Santa’s sleigh bells rang through Vanderhoof, Fraser Lake, and Fort Fraser last week, as three local groups received a timely boost to continue supporting seniors and small community recreation.
On location from Dec. 6 to 7, Vanderhoof and Districts Co-op presented donations to Nechako View Senior Citizens Housing Society, Autumn Services – Society for Senior Support, and Fort Fraser Community Recreation Society.
Eleven community organizations in Co-op’s trading district, which extends east to Valemount, west to Terrace, south to Quesnel, and north to Fort St. James, received $100,000 of funding in total from its new Community Support Fund.
Reviewing past programs during the annual budget process, Co-op created the new fund by combining them in order to make a bigger difference to the community, said general manager Allan Bieganski.
“We wanted to give back to the community we operate and make sure our communities are thriving places to be,” Bieganski said. The intention is to have the Community Support Fund available for local groups every fall.
“All of us at Vanderhoof and Districts Co-op are proud to be able to support initiatives that support and improve the quality of life in our communities,” said Bud Pye, president of the board of directors of Vanderhoof and Districts Co-op. “When you support organizations and groups that support their communities, everyone benefits.”
New low-cost self-care senior housing to come in downtown Vanderhoof
For Vanderhoof’s Nechako View Senior Citizens Housing Society, the contribution from Co-op allows the group to prepare the land for its low-cost independent senior housing project on Burrard Avenue by Douglas Street.
“The Nechako View board is very excited and appreciative of this $5,000 donation that allows us to take the very important first step in creating 14 new affordable seniors housing units,” said Len Fox, the society’s president. “The total cost of this project, when completed, will be $1.7 million.”
Situated close to downtown and with a central common area for residents to meet and socialize, the new housing complex will include seven single-bedroom and seven two-bedroom units, all with ground-level entrances.
“The shortage of senior beds for the assisted living and extended care in our community has put extra pressure for self-care needs,” Fox said. The society’s existing 35-unit complex on Northside Road for independently-living seniors currently has a waitlist of 45. “If the waitlist continues to grow, we’ll be looking at different initiatives.”
The new units will help to support the local economy, providing housing for seniors that come from surrounding communities and look at Vanderhoof for independent living. “Seniors spend all their money locally, towards food and good healthcare,” Fox said.
At its early stages of planning, the project will have more funding updates next spring, as the society looks for support from local organizations as well as provincial and federal governments.
“[The Nechako View complex] came together as a community effort, built by volunteers in labour and contributions from local companies and foundations,” Fox said. “We’re looking to do the same for this initiative.”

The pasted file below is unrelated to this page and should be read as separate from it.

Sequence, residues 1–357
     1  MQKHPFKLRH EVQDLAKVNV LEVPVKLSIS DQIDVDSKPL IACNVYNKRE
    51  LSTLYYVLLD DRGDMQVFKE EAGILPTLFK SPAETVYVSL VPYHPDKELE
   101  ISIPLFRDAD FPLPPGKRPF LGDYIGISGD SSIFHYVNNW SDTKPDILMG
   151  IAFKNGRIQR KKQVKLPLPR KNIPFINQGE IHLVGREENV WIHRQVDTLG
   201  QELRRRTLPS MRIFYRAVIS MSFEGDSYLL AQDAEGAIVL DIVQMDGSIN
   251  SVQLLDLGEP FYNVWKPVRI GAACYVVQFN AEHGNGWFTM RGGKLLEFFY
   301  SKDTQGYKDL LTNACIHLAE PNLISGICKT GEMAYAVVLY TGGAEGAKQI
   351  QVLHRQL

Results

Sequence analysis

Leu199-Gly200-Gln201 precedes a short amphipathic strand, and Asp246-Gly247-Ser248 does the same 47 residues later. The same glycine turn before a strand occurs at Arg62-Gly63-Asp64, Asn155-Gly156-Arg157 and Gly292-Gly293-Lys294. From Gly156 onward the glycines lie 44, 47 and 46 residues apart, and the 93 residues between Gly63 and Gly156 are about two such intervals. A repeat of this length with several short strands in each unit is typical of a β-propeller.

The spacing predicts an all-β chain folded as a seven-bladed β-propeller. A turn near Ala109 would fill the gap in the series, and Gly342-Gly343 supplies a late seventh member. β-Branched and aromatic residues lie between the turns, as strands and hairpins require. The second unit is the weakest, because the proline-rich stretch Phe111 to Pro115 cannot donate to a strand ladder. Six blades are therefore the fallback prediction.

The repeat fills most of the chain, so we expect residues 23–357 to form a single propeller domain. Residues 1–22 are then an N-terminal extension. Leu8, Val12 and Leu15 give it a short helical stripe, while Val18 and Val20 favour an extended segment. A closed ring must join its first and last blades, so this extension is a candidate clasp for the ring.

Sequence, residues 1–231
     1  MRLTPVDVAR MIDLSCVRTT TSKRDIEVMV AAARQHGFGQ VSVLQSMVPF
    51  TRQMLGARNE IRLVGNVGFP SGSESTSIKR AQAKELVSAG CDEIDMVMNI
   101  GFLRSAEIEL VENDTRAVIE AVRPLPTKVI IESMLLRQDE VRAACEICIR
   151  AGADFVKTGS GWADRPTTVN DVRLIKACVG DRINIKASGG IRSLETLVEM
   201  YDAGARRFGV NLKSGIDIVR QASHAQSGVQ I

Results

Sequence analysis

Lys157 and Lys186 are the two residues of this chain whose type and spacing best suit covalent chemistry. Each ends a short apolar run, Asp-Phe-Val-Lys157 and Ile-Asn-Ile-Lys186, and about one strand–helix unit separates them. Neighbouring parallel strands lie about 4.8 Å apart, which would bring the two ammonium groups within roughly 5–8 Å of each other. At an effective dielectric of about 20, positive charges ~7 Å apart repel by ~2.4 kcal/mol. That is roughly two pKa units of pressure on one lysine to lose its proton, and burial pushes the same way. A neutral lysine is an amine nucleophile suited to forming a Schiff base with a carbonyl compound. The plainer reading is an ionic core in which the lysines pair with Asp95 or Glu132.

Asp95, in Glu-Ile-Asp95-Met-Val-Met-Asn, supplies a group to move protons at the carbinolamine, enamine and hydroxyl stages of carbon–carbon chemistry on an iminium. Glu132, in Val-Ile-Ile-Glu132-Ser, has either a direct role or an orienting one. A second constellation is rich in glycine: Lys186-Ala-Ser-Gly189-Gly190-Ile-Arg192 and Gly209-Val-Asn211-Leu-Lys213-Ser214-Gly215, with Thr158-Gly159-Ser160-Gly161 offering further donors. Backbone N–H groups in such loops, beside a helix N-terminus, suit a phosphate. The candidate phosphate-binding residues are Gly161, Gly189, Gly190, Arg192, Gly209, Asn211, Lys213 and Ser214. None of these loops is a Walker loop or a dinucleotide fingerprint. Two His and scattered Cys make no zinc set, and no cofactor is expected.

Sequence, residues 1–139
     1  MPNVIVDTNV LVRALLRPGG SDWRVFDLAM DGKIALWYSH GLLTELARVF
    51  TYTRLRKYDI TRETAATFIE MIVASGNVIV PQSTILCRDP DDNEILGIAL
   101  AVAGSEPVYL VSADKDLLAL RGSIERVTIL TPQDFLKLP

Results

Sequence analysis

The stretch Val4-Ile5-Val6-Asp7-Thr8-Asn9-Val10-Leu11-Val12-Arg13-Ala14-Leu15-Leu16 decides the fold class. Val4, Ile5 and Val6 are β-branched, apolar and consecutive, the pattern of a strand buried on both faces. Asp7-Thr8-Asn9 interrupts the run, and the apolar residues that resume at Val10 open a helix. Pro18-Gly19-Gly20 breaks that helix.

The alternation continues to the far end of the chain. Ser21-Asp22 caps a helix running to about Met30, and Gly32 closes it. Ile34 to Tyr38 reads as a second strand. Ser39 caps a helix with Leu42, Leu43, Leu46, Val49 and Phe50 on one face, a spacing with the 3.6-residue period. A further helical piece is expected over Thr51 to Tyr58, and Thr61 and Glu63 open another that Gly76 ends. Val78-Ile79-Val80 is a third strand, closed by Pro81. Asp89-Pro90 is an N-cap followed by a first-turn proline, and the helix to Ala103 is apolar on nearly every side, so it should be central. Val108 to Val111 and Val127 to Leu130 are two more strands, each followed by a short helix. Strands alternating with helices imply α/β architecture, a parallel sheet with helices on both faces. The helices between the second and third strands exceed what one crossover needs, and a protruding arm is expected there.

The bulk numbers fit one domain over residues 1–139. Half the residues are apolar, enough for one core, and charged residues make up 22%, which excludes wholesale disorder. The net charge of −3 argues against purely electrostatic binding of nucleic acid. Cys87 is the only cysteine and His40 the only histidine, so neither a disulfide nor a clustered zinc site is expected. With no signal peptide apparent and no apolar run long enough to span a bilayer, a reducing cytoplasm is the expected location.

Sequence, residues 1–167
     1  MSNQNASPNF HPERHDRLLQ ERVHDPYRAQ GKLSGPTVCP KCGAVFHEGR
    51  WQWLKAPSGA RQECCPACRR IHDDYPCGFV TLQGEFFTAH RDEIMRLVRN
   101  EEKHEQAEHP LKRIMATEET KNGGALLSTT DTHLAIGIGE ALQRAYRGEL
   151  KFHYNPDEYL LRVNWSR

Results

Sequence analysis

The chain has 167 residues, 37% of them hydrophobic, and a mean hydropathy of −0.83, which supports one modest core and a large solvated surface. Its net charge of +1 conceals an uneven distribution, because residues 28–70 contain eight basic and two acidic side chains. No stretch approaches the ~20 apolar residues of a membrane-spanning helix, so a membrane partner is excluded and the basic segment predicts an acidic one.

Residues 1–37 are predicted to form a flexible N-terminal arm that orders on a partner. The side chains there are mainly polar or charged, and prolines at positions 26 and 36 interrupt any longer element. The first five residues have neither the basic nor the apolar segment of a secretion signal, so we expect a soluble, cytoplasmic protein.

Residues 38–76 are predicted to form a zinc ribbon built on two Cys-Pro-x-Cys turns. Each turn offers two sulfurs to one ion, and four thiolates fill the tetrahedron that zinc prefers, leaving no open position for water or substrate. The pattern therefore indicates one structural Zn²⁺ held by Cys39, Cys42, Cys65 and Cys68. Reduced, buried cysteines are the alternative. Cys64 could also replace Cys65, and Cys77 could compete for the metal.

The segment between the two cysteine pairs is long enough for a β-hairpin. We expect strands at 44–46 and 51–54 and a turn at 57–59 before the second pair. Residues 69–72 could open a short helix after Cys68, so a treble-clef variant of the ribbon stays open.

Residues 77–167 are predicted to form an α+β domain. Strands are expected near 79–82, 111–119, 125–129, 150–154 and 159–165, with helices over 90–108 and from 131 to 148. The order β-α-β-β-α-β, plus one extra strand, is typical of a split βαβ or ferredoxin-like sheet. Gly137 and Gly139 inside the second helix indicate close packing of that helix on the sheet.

Improving Fraser Lake’s seniors’ quality of life
With Co-op’s contribution of $10,000, Autumn Services will be expanding their weekly soup program for seniors and Food Share program for the low-income population in Fraser Lake.
“We are honoured to receive funding from Vanderhoof and Districts Co-operation Association that will enable us at Autumn Services to make long-term sustainable services available to the community,” said the society’s coordinator Elaine Storey. By gathering seniors together for food and socialization at least once a week, the program helps to improve mental and physical health of seniors who may be otherwise isolated.
The Food Share program, started this summer when Fraser Lake’s sole grocery store closed, has helped feed up to 10 struggling families in a week.
“Whether people are coming in for social interactions, or because they have a need for food, gotten into financial trouble, retired and needed new glasses, dentures or medication and couldn’t make ends meet that month, are a single parent, have a disability, or dealing with abuse or mental illness, it makes no difference,” said Sarrah Storey of Autumn Services. “We have no clue what has happened to them to get them to this point and there is no judgment, as everyone is helped if asked.
“No one has a right to judge another human being who is just trying to survive.
“We are helping to keep people out of the medical system, we are providing much needed support and we are doing our best to make our area and community stronger.”
Fort Fraser gets community recreation support
In the 500-person strong community between Vanderhoof and Fraser Lake, Co-op’s $4,500 donation will provide its community recreation society with a home, expand its programs, and preserve its heritage.
Previously hosting its activities in the Fort Fraser community hall, the funding allowed the society to take over a property on Highway 16 east of the post office on Empire Street. Previously the home of the local ambulance services, the property now includes playground equipment from the now-closed Fort Fraser Elementary-Secondary School and a CN Rail caboose.
“We are very thankful for Co-op to support us,” said society president Colleen DeLong. “We operate everything here by fundraising; it’s a very good start to what we were doing this summer.”
At its new home, the society hosted an tourist information booth and ice cream stand at the historical caboose this summer. A barn house on the property was also turned into a museum that displayed the community’s 210 years of history.